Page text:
When it comes to excessive rain and flooding, losing important business information and records only makes the situation worse.

Business continuity planning (BCP) is essential to ensuring that your business can respond to disruptions in operations due to disasters quickly and in a manner that minimizes losses.

One area that your business continuity and disaster recovery plan should cover is damage and loss from floods. According to a report by the National Oceanic and Atmospheric Administration, flooding due to sea level changes is only becoming more common.

Read on to learn how you can use business continuity planning to protect your information from flood events by moving it to a secure digital repository.

Why You Need a Flood Event Business Continuity Plan

Relying on paper documents as a primary source of data storage can be highly detrimental in the event of an unanticipated emergency, like a flood. Additionally, floods are some of the most difficult disasters to prepare for. The duration and intensity of a flooding event can span from just a few hours to months-long events, making it nearly impossible to access physical documents. (If they’re not already destroyed.)

Not only is this incredibly inconvenient when trying to keep operations running smoothly, but it can also mean serious financial losses due to disruptions in service or lost files. Taking steps before disaster strikes is necessary for any business reliant on physical documents. Incorporating business continuity planning and digitizing important records ahead of time provides an invaluable layer of protection that will prevent countless headaches (and possible damages) down the line.

Identifying and Assessing Potential Risks and Threats

When assessing the potential risks associated with a flooding event, RIM professionals should first ensure they have a complete inventory of their organization’s information or otherwise conduct an audit.

This process should include identifying what information is necessary for employees to perform their job duties, as well as where that data is stored and in what format. After understanding the details of the company’s infrastructure, records managers can identify the type and amount of data that could be at risk in a flooding scenario.

While this step does take time, effort, and headcount to accomplish, this knowledge is also valuable for informing other types of business continuity planning initiatives. This includes disaster preparations for power outages, system glitches or malfunctions, and cyber-attacks, which may lead to data loss or breaches if not properly managed.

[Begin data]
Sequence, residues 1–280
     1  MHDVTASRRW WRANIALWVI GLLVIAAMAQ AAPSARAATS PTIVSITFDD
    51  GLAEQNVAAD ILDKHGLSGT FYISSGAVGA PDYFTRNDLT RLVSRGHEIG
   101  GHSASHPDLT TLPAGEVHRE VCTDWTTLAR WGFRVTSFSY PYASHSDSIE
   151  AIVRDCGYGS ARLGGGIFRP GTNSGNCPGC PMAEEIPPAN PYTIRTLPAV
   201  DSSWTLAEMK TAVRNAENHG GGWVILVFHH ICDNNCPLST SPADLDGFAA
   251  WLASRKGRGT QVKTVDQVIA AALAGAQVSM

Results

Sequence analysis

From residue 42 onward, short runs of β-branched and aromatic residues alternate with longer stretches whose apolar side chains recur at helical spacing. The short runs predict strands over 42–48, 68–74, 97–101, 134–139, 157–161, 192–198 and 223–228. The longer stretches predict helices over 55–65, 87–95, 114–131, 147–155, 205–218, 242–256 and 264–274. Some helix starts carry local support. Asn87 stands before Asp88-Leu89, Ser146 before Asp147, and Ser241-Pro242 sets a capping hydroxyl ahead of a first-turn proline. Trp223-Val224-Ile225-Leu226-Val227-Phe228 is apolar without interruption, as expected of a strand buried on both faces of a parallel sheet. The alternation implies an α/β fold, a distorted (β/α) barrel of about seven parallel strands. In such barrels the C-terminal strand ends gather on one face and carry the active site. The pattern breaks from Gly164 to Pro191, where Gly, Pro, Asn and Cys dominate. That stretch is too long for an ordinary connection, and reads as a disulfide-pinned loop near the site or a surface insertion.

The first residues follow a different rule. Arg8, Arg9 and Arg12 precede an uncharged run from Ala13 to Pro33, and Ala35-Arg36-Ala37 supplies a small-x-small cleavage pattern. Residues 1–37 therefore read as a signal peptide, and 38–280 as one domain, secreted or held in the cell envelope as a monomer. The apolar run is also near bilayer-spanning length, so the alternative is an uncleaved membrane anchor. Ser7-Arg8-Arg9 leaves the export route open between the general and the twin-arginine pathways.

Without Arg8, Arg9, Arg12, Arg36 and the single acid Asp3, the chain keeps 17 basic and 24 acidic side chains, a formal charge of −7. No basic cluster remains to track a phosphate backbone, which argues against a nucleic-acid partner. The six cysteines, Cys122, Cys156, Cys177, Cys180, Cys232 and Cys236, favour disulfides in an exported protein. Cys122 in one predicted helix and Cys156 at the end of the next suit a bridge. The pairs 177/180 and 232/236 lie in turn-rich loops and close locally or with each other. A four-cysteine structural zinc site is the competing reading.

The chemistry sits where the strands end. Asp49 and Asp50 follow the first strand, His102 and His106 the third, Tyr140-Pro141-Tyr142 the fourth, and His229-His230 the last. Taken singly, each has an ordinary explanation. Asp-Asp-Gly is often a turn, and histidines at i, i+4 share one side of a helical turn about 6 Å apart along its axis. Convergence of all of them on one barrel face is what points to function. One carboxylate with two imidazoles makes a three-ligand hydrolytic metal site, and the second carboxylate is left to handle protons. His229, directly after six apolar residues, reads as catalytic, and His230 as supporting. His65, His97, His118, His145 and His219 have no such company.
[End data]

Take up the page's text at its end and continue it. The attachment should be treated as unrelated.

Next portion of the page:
Finding a Secure Digital Document Repository

For records and information managers dealing with a large, complex combination of digital and physical documents, choosing the right document management system can make all the difference.

When assessing potential solutions, here are a few features you should look for:

  • Secure data storage so that vital records remain safe during a flooding event;
  • Flexible access management tools to ensure all personnel have appropriate levels of access to essential records;
  • Industry-specific compliance capabilities that allow businesses to remain compliant with relevant regulations; and
  • Flexibility in integrating with existing business systems.

The Legal Implications of “Flood Prepping” Information

While moving information over to your business continuity planning software of choice may ensure that it’s safe, be sure to consider your record retention schedule and that you’re meeting statutory retention requirements.

Digital storage costs may be manageable, but the fines due to retaining information past its retention date, most certainly are not. Depending on where your business operates, as well as its size and industry sector, you’ll want to understand all the legal implications associated with protecting your company’s critical information from disasters like floods.

The best solution is to have your record retention schedules pushed into the document management software automatically.

Prepare the Lifeboat Now

According to NOAA, flood disasters cost an average of $4.7 billion per event, and the number of heavy rainfall and flood events per year has been increasing.

From California to Louisiana and Tennessee, flood disasters can impact areas all across the United States. So, it would be naive to assume that a safe location alone will be enough to protect your organization’s information from a flooding event but by being proactive, you can ensure business continuity during a flood event. Here’s an overview of the business continuity plans we follow before, during, and after these types of events to protect your information.

For more information on how to create your own business continuity plans, or to access flood-related resources, visit our business continuity planning hub.